This weekend, “Ant-Man” lights up the multiplex, but as our review notes, it does have one major narrative hurdle you have to accept and leap over. Hank Pym (Michael Douglas) goes to a lot of trouble to recruit Scott Lang (Paul Rudd) and train him for a complicated and dangerous heist, but all the while, his daughter Hope Van Dyne (Evangeline Lilly), who is already fully prepared and capable of carrying the day is denied the gig by her father. A reason is eventually trotted out why Hank refuses to send Hope, but you can practically see the script bending to explain why Scott needs to be the hero.
Black Widow aside, and perhaps the latest addition of Scarlet Witch, Marvel hasn’t had the best track record with women joining the ranks of the dudes to fight the big, bad villains, but according to Kevin Feige, the studio has been a champion of women with agency.
“There have been strong, powerful, intelligent women in the comics for decades,” Feige told Singapore Times. “And if you go back to look at our movies-whether it’s Natalie Portman in the ‘Thor’ films, Gwyneth Paltrow in ‘Iron Man‘ or Scarlett Johansson in ‘The Avengers‘-our films have been full of smart, intelligent, powerful women.”
Arguably however, only one of those three characters fully got into the action mix, but Feige adds that Marvel has routinely “gone for the powerful woman versus the damsel in distress.”
But Feige recognizes “there has been a shift in the press and the public in terms of a very vocal clamouring for stand-alone female character films,” and he know audiences certainly aren’t put off by strong female leads. “Look at ‘Mad Max.’ It’s called ‘Max,’ but Charlize [Theron] is the hero of that movie and it was a giant hit and she was great,” he said. “Or look at ‘The Hunger Games‘ movies, or ‘Frozen,’ or ‘Lucy‘ last year with Scarlett Johansson. They are just as viable as any movie.”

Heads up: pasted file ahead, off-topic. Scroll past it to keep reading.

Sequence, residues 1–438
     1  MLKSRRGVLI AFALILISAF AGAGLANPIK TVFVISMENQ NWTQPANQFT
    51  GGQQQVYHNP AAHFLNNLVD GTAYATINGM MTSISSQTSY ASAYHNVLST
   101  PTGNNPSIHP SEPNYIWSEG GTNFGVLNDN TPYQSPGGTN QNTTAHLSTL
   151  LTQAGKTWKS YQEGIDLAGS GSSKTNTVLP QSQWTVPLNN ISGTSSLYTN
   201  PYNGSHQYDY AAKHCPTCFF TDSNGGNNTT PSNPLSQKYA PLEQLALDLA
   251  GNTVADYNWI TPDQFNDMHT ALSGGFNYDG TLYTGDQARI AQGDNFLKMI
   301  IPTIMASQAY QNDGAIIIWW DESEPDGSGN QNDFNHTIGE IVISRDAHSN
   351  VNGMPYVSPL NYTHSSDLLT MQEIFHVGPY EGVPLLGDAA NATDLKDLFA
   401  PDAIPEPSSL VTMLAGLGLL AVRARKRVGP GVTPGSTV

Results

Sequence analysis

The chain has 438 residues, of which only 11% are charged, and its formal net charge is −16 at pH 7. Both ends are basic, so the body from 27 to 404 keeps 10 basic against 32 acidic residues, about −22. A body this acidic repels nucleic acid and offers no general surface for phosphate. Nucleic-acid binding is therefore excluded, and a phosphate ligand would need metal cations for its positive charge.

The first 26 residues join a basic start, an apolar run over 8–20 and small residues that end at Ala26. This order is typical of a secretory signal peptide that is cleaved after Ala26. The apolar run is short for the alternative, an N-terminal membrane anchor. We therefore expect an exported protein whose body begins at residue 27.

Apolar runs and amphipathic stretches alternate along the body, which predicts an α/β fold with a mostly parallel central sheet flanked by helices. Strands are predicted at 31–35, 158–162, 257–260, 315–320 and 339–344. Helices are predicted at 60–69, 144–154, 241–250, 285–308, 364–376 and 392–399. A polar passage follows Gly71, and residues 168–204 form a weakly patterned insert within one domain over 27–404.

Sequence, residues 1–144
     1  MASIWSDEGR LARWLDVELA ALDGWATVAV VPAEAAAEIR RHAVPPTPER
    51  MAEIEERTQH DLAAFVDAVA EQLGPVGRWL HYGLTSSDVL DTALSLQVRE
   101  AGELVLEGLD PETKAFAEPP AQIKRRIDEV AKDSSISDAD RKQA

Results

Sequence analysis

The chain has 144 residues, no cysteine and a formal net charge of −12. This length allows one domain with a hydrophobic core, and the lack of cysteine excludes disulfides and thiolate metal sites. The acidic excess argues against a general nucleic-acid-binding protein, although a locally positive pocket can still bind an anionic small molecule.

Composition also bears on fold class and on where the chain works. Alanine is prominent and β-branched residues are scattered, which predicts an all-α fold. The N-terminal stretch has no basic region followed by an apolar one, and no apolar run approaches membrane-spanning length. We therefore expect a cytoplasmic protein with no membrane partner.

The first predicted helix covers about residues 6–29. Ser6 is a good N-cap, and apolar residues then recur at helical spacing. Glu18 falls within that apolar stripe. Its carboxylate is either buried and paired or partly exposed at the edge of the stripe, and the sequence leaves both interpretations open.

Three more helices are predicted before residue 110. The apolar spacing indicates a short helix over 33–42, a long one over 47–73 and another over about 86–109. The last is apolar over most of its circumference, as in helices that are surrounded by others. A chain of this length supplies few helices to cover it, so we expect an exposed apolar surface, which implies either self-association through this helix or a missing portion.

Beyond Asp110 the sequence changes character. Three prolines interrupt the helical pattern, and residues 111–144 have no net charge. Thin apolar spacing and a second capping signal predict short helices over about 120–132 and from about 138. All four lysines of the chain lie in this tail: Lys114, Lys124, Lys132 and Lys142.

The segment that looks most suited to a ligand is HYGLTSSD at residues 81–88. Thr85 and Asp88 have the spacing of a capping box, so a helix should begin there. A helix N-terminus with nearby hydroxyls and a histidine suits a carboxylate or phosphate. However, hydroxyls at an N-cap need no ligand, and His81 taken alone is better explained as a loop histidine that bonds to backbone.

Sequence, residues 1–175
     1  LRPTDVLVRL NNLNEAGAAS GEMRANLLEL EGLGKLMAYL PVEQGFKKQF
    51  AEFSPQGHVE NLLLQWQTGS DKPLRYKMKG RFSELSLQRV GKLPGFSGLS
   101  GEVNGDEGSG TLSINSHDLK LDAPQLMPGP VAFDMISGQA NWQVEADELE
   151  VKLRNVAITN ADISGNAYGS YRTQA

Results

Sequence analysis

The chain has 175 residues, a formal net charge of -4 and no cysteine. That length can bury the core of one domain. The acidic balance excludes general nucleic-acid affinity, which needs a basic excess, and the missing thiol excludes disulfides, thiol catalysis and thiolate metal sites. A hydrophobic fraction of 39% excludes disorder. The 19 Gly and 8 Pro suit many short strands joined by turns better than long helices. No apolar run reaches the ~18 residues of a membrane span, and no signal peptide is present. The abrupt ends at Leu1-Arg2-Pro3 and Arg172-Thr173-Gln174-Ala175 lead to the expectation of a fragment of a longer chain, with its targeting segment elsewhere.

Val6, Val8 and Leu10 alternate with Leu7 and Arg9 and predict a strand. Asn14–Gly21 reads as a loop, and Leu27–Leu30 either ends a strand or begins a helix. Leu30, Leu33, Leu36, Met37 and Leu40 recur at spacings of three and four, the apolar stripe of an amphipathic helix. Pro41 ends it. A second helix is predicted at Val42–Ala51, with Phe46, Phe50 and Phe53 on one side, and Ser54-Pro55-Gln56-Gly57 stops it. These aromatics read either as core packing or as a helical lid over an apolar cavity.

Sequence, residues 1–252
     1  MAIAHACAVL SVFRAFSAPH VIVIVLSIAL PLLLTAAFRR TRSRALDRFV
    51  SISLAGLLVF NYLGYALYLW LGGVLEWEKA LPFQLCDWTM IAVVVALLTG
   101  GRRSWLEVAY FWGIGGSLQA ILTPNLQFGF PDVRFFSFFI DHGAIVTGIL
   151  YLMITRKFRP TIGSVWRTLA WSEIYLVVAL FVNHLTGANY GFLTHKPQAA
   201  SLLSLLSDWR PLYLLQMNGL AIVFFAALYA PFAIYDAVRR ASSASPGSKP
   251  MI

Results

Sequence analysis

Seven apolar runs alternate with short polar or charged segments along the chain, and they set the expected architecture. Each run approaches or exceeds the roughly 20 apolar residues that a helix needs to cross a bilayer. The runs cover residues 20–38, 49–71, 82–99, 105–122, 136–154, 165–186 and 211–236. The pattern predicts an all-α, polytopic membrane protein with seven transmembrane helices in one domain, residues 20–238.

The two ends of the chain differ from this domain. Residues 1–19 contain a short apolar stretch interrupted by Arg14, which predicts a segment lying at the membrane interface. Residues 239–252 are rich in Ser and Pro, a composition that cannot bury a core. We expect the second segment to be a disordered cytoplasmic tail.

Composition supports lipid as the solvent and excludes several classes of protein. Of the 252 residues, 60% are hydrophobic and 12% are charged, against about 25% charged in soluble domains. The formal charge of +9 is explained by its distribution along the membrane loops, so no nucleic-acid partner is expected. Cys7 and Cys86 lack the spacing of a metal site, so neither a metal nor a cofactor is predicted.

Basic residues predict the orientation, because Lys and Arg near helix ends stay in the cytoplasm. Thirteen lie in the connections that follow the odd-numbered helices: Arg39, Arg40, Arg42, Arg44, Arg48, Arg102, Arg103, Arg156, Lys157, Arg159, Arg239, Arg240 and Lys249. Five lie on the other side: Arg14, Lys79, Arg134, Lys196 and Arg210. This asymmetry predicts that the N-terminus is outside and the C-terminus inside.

And while the studio does have “Captain Marvel” on their slate for 2018, and Elektra joining the second season of “Daredevil,” Feige wants to make it clear that decisions are not being done in a reactionary manner. “It would paralyze you if you were trying to develop a story or character that is going to please everyone on the Internet. You would curl up into a ball and never do anything,” he stated.
But what do you think? Has Marvel represented women well in their films or can they do better? Sound off below.